Only 2 million people in this country own horses, so just by selling a horse-specific product you’ve screened out more than 99% of the population. Does it make sense then to go on a mass market medium like Facebook?
Pamela Carr thinks so. Carr, who works as a senior marketing manager for ecommerce at the Chicago Tribune Media Group, is working on a side project called Alleva-Wave, a new business that provides pain relief to horses. The company doesn’t have any real social media presence yet — not even a Facebook Page — but Carr notes that every time she puts a picture of a horse on her personal Facebook Page, she gets a lot of comments and reshares. “It’s like dogs,” she says.
Carr, a horse enthusiast, got the idea for Alleva-Wave from a neighbor whose brother-in-law is Dr. Robert Dennis, the founder of Micro-Pulse, which provides pain relief to humans via magnetic and electronic stimulation. Carr says that she was sold on Dennis’ solution. “I had a sprained ankle and I used it,” she says. “Usually it takes a few weeks to heal, but I was running again in a few days.” The $700 device is not for everyone, but Carr believes if she can find horse owners with an ailing animal, then she might be able to get her fledgling business up and running.
As part of Mashable’s Social Makeover series, we hooked Carr up with Kate Gardiner, a social media consultant. Over the next few weeks Carr will attempt to put Gardiner’s advice into practice (or not).
Gardiner’s assessment is that Facebook can be an excellent vehicle for outreach for Carr’s business. However, Carr needs to take a very targeted approach. “I’d do a series of horse photos and testimonials and invest in my targeted geographic region on Facebook,” Gardiner says. “If there are associations — e.g. thoroughbred horse owners or other horse-related groups in her region, sharing the images in those groups would also make sense. All of this should be testimonial, and doing a daily image share would be a great start.” If Carr has the bandwidth, Gardiner also advocates running a contest for photos of horses (“It’s inherently social and cheap!”)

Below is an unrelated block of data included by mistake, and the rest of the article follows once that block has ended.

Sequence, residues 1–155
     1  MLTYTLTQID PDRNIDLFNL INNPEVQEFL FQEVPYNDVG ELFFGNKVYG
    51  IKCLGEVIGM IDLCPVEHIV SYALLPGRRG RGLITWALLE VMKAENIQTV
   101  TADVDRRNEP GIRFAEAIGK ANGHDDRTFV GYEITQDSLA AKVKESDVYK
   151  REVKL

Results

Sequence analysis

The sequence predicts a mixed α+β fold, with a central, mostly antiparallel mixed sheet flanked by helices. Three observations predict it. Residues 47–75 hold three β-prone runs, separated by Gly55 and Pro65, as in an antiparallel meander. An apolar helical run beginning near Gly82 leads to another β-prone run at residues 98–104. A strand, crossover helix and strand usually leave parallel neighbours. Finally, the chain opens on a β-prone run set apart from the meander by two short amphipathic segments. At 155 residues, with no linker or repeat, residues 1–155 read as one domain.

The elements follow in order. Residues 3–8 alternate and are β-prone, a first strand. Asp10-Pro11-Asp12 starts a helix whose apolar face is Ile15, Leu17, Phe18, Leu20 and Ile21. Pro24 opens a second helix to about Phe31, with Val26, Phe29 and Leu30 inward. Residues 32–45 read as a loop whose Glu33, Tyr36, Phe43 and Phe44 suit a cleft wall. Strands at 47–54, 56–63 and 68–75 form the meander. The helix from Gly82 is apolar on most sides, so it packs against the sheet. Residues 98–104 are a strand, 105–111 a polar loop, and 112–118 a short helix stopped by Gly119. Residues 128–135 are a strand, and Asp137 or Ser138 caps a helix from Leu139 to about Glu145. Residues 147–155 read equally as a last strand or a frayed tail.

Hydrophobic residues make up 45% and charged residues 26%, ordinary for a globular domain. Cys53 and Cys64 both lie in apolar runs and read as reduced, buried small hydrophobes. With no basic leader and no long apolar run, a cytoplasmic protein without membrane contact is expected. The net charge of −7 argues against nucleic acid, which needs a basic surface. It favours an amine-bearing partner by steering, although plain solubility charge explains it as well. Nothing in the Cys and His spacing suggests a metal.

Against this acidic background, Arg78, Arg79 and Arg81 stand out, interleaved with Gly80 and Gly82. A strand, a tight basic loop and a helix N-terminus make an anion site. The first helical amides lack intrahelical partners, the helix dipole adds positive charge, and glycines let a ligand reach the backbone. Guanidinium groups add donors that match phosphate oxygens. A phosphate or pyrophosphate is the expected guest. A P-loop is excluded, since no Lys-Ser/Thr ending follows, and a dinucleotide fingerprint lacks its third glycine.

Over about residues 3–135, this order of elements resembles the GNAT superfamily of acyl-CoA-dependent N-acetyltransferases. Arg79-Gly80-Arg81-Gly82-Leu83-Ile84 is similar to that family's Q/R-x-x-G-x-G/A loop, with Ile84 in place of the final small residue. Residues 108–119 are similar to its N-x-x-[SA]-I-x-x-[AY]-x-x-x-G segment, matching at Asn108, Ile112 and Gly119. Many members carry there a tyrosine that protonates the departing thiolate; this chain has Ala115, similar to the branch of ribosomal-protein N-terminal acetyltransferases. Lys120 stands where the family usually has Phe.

In addition, Gardiner says Carr should beef up Alleva-Wave’s Instagram presence, which is currently non-existent. “Every time you apply the product to a horse, take a photo and post about the success story there,” Gardiner says, regarding Instagram. “The images will be useful later — and everyone likes to see a before/after story done well. Checking in with your clients — and their horses — is a good way to find brand stories to use for marketing purposes later on — and to see how your product is being used in the wild.”
Finally, Gardiner says Carr should take advantage of a LinkedIn group Carr started for equine enthusiasts, which now has about 2,000 members.
“Given that you have a LinkedIn group, I would reach out there to have weekly or monthly discussions about either the best ways to use your product, or inviting those who are most likely to want to use it to talk about the way that have worked for them,” Gardiner says, adding that Carr should also explore Reddit and consider advertising on specific subreddits targeted at others for consumers interested in horses.
Will Gardiner’s advice work? Check back here on June 18 to see how it went. Meanwhile, check out some other stories in Mashable’s Social Makeover series here.
Image via Getty, Brendon Thorne
Article Credit: http://mashable.com/2013/05/16/social-makeover-horse/